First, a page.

Only if they acquire a top pitcher (leave your choice in the comments section) (18%, 47 Votes)
No (11%, 29 Votes)
Not sure, let me get back to you on this... (6%, 15 Votes)
Total Voters: 266
MetsBlog is reporting that oddsmakers believe the Mets have a 37.4% chance of making the postseason. That’s up 2% since last week, which is odd since the Mets have gone 4-5 since then, Mike Pelfrey is struggling and Johan’s velocity is still down. Oh, and the bullpen is a disaster.
Ollie Perez started his rehab assignment last night, allowing four runs and five hits over six innings – in Class A-ball. To date, Perez is 0-3 with a 6.28 ERA at the major league level. You will remember that Perez was signed to a 3-year, $36 million contract in the off-season – who could forget that contract?
Here’s another contract you shouldn’t forget – beginning in July 2011, the Mets will have to make 25 yearly payments of $1.19 million dollars to Bobby Bonilla – the result of deferring money owed to him back in 2000. It sounds like a horrible contract – and it is – but there is a silver lining to this 25-year cloud:
By postponing their payments to Mr. Bonilla for 11 years, the Mets freed enough money to trade for starting pitcher Mike Hampton and outfielder Derek Bell and sign first baseman Todd Zeile. Those three players earned a combined $15.1 million in 2000, and the Mets reached the World Series that year for the first time since 1986. (Wall Street Journal)
Which brings us to today’s poll question – which contract is worse, going forward?
Which Contract Is Worse?
Oliver Perez ($36M for 3 years) (56%, 87 Votes)
Not Sure - Bonilla Has 25 Years to Become a Productive Player (25%, 39 Votes)
Bobby Bonilla ($1.19M for 25 years) (18%, 28 Votes)
The Mets are positioned for a serious playoff run – they are 1.5 games behind the division leading Braves and a half game ahead of the Reds in the wildcard standings. Rumors continue to swirl about the team’s interest in Cliff Lee (among others), but doubts persist about Johan Santana’s health and effectiveness.
Meanwhile, Mike Pelfrey is establishing himself as one of the top young pitchers in the National League.
So… assuming you could have Santana, Pelfrey, or any of the rumored trade targets to start the first game of a playoff series, who would it be?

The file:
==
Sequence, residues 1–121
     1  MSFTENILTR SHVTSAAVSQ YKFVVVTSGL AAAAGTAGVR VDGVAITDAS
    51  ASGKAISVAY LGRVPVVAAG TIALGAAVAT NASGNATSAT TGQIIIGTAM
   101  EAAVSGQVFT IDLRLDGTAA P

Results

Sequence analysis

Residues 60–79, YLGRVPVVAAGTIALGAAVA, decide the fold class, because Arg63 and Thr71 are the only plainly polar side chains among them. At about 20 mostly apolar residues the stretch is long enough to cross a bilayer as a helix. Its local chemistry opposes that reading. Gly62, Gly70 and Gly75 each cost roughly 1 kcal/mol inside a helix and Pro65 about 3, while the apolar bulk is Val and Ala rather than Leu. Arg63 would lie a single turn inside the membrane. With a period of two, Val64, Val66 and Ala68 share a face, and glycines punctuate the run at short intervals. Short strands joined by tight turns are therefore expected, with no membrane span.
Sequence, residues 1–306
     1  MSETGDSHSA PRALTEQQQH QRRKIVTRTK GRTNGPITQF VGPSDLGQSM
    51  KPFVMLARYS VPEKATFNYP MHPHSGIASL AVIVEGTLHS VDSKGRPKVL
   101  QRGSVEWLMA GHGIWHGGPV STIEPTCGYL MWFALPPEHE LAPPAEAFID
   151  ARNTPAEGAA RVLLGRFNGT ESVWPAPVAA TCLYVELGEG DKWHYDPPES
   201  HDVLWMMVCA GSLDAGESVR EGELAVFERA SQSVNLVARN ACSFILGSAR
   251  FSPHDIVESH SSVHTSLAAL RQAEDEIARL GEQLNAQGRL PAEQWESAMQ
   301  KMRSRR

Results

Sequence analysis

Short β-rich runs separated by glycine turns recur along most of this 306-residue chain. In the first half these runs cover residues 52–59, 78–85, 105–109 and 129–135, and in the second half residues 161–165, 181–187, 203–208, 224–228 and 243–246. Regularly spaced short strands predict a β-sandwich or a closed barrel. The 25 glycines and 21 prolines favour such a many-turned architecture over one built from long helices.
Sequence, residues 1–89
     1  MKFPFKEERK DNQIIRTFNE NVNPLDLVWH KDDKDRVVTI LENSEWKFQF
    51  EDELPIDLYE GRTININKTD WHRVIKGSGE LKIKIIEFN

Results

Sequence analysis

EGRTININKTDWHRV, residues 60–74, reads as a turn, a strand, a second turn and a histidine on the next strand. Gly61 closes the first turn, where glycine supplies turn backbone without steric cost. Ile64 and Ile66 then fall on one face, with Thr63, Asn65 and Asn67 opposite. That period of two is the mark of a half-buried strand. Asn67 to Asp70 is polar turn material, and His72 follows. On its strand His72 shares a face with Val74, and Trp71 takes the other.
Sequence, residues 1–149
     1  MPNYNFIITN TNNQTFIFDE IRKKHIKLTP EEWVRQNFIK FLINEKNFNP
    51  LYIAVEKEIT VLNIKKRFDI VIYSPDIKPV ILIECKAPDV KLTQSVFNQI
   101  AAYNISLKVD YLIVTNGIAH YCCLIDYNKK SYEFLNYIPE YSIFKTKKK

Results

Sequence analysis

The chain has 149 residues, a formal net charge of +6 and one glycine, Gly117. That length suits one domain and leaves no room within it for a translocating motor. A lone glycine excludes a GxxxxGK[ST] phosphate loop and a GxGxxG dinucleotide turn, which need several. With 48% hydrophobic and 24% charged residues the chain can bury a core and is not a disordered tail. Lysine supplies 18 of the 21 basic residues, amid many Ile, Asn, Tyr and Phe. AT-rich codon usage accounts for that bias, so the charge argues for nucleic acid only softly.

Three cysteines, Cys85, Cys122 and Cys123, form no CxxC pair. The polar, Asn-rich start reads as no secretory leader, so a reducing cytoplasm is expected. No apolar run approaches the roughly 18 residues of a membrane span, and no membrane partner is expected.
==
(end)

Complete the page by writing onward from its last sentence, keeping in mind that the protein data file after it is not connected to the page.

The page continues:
For the purposes of this poll, don’t worry about the prospects or money required to obtain an outside pitcher. Just tell us who you are most confident in as a Game 1 starter.
Who Do You Want to Start Game 1?
Cliff Lee (59%, 104 Votes)
Johan Santana (19%, 34 Votes)
Mike Pelfrey (19%, 34 Votes)
Other (Specify in the Comments Section) (2%, 3 Votes)
Today, I ask you this: Assuming the Mets will go after a quality veteran starting pitcher, which young players/prospects should be excluded from all trade discussions?
Granted, a specific pitcher will dictate a specific combination of prospects that will be offered. And when you factor in contract lengths, money owed and additional veterans that can be sent either way in a deal, the possibilities grow even more complex.
But which prospects should not even be considered as trade bait by Omar Minaya? In other words, who should be untouchable?
Neither. Keep Takahashi and Dickey in the Rotation. (7%, 32 Votes)
None of the Above. (3%, 14 Votes)
Total Voters: 441
Joel Sherman is reporting that the Mets have interest in Cliff Lee and would not require a a negotiating window to extend his contract. In other words, the Mets would be renting Lee, most likely for Jenrry Mejia and Angel Pagan.
And even if the Mets can outbid other suitors, such as the Twins, for Lee, it would still be up to Mets ownership to approve giving up prospects for a rental and agree to add a nice bit of payroll. Doubts persist within the organization whether the Wilpons really will accept those terms. (NY Post via MetsParadise)
Sherman also indicates the Mets may have interest in Cubs lefty Ted Lilly. Brandon Lee at MetsParadise, explains why Lilly could be an attractive alternative:
Lilly is owed $12M this season, which is the finally year of his contract. After this season he would most likely become a Type A free agent, so if the Mets offer him arbitration, they could get top drafts pick if he signs elsewhere. (MetsParadise)
So who should the Mets go after? Let’s break it down:
Obviously, Lee is putting up better numbers, but Lilly should come cheaper, at least in terms of trading young talent. And if Lilly can consistently get the Mets to the seventh inning with a lead, he may allow the Mets to make a credible playoff run without mortgaging the future.
Fun Fact: According to ESPN, Lilly’s full name is Theodore Roosevelt Lilly. That MIGHT rival Milton Bradley and Coco Crisp as the best name in Major League Baseball.